The investment product that could be putting your retirement income at risk
Lifestyle funds gradually and automatically move your money from riskier assets at the beginning of your investment life cycle to comparatively safer assets as you approach retirement.
They were designed for people who do not want to actively manage their funds and who plan to buy an annuity on a fixed retirement date.
The idea is that as an investor approaches retirement, they should gravitate away from riskier asset classes such as equities, and towards more defensive asset classes such as bonds.
“De-risking as retirement approached was a way to ensure market fluctuation had less of an impact on fund value,” says Claire Trott, head of pensions technical at Talbot and Muir.
However, some experts believe this approach no longer works and that where once lifestyle funds may have been a sensible option for savers, they could in fact harm the financial well-being of retirees today.
An obsolete product?
“Lifestyle funds are an obsolete product – the ideals they were meant to serve no longer apply,” says Martin Tilley, director of technical services at pensions specialist Dentons.
Firstly, April’s pension freedoms and the accompanying introduction of flexi-access drawdown means there is no set date by which retirees are obliged to purchase an annuity.
Second, gilt yields, which determine annuity rates, have fallen significantly. As a result, fixed-income products may no longer be the best option for retirees.
But lifestyle funds do not consider contemporary economic circumstances.
“Interest rates are scheduled to rise, and when they do, the capital value of fixed-interest products will decrease – yet, a lifestyle fund will transition you into them,” Tilley notes.
“No financial adviser would suggest you do that, so why tie into a vehicle that would do so automatically, without taking account of economic realities of the asset classes involved?”
Furthermore, the age at which lifestyle funds switch investments into fixed-income products may have been determined when the saver was in their 20s or 30s, and had unrealistic notions of when they would be able to retire – or would want to. Office for National Statistics data indicates one third of the total UK workforce is aged 50 or over, a 42 per cent rise from 1992.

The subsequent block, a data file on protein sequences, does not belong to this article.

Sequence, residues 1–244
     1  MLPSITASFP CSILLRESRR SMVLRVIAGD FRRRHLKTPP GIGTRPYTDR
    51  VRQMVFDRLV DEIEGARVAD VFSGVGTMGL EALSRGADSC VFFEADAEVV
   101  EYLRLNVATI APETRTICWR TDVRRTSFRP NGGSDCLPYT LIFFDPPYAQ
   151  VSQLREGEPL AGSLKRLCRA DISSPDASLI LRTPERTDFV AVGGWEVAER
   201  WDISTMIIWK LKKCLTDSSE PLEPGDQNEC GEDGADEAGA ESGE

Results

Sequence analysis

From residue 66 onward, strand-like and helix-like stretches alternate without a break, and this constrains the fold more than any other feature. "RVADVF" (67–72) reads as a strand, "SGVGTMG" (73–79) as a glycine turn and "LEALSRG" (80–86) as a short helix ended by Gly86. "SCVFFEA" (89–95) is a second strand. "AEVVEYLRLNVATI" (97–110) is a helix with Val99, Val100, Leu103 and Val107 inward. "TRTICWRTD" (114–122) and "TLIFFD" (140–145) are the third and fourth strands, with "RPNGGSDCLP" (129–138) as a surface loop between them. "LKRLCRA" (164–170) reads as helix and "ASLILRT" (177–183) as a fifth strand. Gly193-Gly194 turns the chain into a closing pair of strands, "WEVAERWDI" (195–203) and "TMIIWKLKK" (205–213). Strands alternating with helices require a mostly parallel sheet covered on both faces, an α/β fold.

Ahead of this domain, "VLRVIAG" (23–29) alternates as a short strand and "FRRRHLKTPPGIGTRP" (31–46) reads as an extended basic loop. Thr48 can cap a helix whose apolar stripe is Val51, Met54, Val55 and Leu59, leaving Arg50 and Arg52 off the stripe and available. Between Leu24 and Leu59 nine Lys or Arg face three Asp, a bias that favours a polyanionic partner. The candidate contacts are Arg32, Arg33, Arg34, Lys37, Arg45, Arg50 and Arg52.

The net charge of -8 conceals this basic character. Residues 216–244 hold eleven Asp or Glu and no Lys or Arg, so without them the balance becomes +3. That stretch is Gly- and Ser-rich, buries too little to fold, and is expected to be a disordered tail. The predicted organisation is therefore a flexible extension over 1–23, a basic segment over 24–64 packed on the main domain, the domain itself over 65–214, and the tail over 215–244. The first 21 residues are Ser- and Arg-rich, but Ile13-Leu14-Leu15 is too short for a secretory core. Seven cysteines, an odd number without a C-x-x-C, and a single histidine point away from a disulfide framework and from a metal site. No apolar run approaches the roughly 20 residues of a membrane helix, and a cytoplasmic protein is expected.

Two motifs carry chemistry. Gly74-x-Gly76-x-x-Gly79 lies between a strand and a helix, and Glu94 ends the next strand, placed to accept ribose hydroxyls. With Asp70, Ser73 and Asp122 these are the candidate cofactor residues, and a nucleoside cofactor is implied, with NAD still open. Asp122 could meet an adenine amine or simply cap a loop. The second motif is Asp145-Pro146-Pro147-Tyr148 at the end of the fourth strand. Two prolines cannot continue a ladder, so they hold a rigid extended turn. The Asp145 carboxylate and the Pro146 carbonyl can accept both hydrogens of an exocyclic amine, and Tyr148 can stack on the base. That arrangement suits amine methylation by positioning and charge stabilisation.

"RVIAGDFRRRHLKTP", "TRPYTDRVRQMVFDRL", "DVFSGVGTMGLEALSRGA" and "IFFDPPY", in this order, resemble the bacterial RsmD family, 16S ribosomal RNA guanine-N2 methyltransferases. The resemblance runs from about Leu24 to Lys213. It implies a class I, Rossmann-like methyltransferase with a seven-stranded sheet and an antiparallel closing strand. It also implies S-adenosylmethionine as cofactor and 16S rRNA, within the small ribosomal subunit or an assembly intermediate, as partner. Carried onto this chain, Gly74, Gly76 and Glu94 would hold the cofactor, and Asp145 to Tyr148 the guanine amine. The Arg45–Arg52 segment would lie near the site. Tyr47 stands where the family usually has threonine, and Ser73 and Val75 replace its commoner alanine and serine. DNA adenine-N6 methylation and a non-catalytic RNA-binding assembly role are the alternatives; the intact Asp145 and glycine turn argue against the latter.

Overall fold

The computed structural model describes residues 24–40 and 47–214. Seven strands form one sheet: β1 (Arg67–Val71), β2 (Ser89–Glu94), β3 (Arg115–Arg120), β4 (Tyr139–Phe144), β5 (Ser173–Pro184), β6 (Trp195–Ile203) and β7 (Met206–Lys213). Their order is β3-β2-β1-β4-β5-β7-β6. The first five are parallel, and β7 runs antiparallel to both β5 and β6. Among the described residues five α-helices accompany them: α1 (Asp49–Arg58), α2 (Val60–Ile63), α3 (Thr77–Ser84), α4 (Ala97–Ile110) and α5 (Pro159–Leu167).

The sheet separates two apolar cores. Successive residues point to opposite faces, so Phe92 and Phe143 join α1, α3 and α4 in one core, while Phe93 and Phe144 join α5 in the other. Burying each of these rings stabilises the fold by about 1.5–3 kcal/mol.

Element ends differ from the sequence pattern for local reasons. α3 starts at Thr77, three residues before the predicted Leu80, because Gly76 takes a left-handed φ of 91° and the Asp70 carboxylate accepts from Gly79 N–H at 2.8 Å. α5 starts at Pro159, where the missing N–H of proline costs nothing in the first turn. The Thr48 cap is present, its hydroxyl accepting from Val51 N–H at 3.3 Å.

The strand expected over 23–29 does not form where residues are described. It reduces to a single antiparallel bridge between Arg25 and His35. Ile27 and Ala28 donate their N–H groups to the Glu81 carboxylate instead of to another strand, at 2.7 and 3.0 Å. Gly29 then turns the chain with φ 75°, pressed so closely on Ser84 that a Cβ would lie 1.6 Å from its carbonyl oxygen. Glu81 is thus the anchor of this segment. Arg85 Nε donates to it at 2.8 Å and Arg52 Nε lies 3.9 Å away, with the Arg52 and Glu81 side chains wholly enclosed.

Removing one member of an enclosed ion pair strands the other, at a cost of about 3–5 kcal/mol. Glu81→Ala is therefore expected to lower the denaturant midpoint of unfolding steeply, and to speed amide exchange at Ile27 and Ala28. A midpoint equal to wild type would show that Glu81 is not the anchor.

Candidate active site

Despite this, a lifestyle fund would transition an individual into decumulation – the process of converting pension savings into retirement income – at age 50, because that individual believed at 25 they would retire at 55. Their actual retirement may be 10 to 20 years later, and in the current fixed-income milieu, that consumer’s savings would stagnate at best or erode due to inflation at worst.
Ian Goodchild, investment manager at Mattioli Woods, a wealth management firm, believes that beyond not providing a decent return to retirees, lifestyle funds represent “a danger”.
Given today’s environment, he says it is questionable whether moving from equities to fixed interest actually constitutes de-risking.
“The historical perception of fixed interest representing a lower risk option for investors is not accurate in the current market conditions. Retirees will move their hard earned pension pot into an asset class where capital loss is pretty much guaranteed – although the extent will depend upon the duration positioning,” he says.
Goodchild suggests retirees who do wish to move to safer vehicles move their pension pots to cash, or absolute return, rather than fixed interest products. If a retiree intends to enter drawdown, he would advise retaining existing equity exposure.
Relevant when, not whether?
Despite the variety of issues that have been identified with lifestyle funds, Trott recognises they may still be applicable for retirees who intend to buy an annuity, and have a clear idea in advance of when this is likely to be – although she admits the number of people this would suit is diminishing.
“Using a lifestyle fund when you are going to continue to be invested after your retirement date, such as those in drawdown, just would not work,” she says.
“That isn’t to say a revised type of lifestyle fund couldn’t be created to suit this type of investor and retirement strategy, but it would be very difficult to achieve with all the variables available since the pensions freedoms.”
Goodchild believes there remains a need for default investment options among “unsophisticated” investors with no active adviser – and thinks a lifestyle fund “probably” remains the best option.
Tilley concedes that whether a lifestyle fund is still relevant depends on the personality of an investor, but urges everyone in one to review it immediately, and consider whether it’s still appropriate for them.
“Remember – if your lifestyle fund is not reviewed, it will move you to potentially unsuitable investments automatically. Life insurers offer a wide range of unitised funds, and it isn’t costly to move to a more suitable fund, or set of investments. If in doubt, consult a friendly financial adviser,” he says.
Having said that, Tilley advises consumers 10 – 15 years away from retirement to “wait and see” whether fixed-income returns improve. If they do, lifestyle funds may become relevant again.
Goodchild also believes an individual starting their retirement saving today could potentially benefit from a lifestyle fund in future, as the market dynamics at their retirement will “undoubtedly” be different to the current environment.